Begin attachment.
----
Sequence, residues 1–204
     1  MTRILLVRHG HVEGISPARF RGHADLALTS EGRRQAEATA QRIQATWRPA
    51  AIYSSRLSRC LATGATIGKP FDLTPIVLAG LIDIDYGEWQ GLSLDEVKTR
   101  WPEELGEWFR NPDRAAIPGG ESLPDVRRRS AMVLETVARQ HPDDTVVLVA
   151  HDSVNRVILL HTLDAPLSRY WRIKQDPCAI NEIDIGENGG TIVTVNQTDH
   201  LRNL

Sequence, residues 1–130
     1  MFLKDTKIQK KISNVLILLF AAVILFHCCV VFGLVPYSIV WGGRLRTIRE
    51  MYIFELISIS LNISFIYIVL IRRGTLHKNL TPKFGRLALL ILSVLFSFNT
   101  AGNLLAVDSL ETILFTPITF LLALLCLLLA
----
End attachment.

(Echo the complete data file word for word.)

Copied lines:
Sequence, residues 1–204
     1  MTRILLVRHG HVEGISPARF RGHADLALTS EGRRQAEATA QRIQATWRPA
    51  AIYSSRLSRC LATGATIGKP FDLTPIVLAG LIDIDYGEWQ GLSLDEVKTR
   101  WPEELGEWFR NPDRAAIPGG ESLPDVRRRS AMVLETVARQ HPDDTVVLVA
   151  HDSVNRVILL HTLDAPLSRY WRIKQDPCAI NEIDIGENGG TIVTVNQTDH
   201  LRNL

Sequence, residues 1–130
     1  MFLKDTKIQK KISNVLILLF AAVILFHCCV VFGLVPYSIV WGGRLRTIRE
    51  MYIFELISIS LNISFIYIVL IRRGTLHKNL TPKFGRLALL ILSVLFSFNT
   101  AGNLLAVDSL ETILFTPITF LLALLCLLLA